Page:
Coach’s Column: Go Enduro with These Training Tips

Continuing in our series on what ability to focus on for the various racing disciplines, this week’s column will look at the most important ability to train on for racing enduro.


Enduro is a relatively new discipline in mountain biking. It encompasses a wide variety of events from huge mass start races that begin on the top of an alp, to small timed segments within stage or endurance races. The common thread between all these events is the fact that for the most part, the start of the enduro will be higher than the finish and you will have to traverse some tough terrain in between for a time.

What are the demands of this type of racing? First and foremost excellent bike handling skills will be necessary to do well. A solid amount of aerobic and anaerobic fitness will also be important. Many enduro courses include some serious climbing sections. These sections may not be long, but they can be steep and if you are not able to tackle them quickly precious time is wasted. Having a very strong core and upper body will also be important in order to control the bike over obstacles and serious terrain. Quickness of movement is an important ability in order to redirect, change lines or clear obstacles. Obviously if you are competing for an enduro classification within a stage race, you will need the fitness to complete the entire stage each day.

Skills practice is in an important part of enhancing your enduro finishes.

Skills practice is in an important part of enhancing your enduro finishes.

The answer to our “most important ability” question for this discipline is clear: handling skills should be a major priority of training. Let’s add a little to that though. Not only do you need the skills, but you also need to be able to execute skills while fatigued. Enduro courses can be very long. A skills mistake due to fatigue can wreck a run, or worse. Also, for some events, the course or enduro section of a course may be very difficult or impossible to pre-ride. Having the ability to read terrain quickly and choose a fast line is crucial. With these thoughts in mind, a couple suggestions to add into training would be:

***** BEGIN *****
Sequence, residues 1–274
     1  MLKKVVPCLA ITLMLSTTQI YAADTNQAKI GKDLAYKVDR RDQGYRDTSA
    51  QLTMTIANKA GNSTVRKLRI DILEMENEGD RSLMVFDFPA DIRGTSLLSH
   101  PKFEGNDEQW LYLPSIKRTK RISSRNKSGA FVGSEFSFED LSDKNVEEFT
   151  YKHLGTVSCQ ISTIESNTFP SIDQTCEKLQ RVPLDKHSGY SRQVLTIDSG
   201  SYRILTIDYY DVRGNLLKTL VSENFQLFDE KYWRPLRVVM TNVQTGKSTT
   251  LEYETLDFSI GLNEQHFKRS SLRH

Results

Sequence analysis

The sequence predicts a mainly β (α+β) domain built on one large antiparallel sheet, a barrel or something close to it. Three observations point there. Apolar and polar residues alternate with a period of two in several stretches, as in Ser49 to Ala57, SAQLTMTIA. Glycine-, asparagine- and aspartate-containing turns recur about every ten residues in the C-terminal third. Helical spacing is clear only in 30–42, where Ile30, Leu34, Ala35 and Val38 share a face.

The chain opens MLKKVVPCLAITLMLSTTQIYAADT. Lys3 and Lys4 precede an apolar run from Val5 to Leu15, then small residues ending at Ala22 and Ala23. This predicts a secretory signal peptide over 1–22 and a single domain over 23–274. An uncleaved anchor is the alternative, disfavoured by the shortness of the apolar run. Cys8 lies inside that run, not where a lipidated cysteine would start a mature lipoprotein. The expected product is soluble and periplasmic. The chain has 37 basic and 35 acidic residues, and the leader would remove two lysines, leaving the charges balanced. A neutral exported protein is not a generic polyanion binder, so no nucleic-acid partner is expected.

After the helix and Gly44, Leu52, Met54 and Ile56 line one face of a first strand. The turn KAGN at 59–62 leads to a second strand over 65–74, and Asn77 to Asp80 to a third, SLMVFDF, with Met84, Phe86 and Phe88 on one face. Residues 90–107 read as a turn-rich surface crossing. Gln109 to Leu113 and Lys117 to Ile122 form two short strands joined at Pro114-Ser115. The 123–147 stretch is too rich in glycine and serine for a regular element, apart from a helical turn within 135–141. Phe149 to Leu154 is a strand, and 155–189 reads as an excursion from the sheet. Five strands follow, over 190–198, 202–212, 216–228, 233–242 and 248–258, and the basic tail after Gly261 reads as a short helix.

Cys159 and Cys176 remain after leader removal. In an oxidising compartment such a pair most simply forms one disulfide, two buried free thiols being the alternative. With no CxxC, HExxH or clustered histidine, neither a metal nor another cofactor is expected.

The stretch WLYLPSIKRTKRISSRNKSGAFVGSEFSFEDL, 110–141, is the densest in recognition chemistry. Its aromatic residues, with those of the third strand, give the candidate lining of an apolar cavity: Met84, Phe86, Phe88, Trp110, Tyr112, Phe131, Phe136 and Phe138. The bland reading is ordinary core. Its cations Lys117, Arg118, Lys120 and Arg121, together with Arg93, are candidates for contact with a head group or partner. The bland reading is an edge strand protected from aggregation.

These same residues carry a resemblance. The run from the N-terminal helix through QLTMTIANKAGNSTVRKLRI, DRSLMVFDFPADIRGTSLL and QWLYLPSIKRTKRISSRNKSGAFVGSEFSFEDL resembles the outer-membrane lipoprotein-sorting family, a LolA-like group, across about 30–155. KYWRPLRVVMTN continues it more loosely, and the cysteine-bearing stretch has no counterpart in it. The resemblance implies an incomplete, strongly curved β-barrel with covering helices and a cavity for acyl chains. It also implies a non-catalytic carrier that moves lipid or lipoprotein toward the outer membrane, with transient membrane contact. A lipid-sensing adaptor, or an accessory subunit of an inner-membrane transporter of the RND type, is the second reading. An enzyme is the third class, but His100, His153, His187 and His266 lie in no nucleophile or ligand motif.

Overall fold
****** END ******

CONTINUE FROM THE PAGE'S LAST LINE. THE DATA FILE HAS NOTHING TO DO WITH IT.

Add an endurance aspect to skills practice. Doing multiple shuttle runs is great for getting lots of runs in, but make sure you ride the climb sometimes as well so you can get the feel of what it is like to hit the run while fatigued. Learn how fatigue affects your reaction time and how you handle the bike. Knowing how to adjust speed to compensate for fatigue can help keep your runs clean and consistently fast.

Constantly strive to find new and challenging terrain to ride. This may be difficult logistically for some, but having the ability to read unknown terrain quickly and pick a solid line is a skill that can be developed by seeing and riding all kinds of trails. You can certainly work on your skills by riding the same course many times, but seeing a variety of trail will help you work on that ability to quickly adapt.

Also to echo Travis Woodruff’s last column, don’t be afraid to work with a skills coach or do a skills specific MTB camp. Having good feedback on ways to improve skills can help speed and confidence tremendously.

Andy Applegate is a Pro level coach with Carmichael Training Systems. He has over 20 years of racing experience and has been coaching cyclists full time since 2001. His passion is endurance mountain bike racing. You can find out more about Andy and his training programs at

Coach’s Column: Improve Skills to Get You on the Podium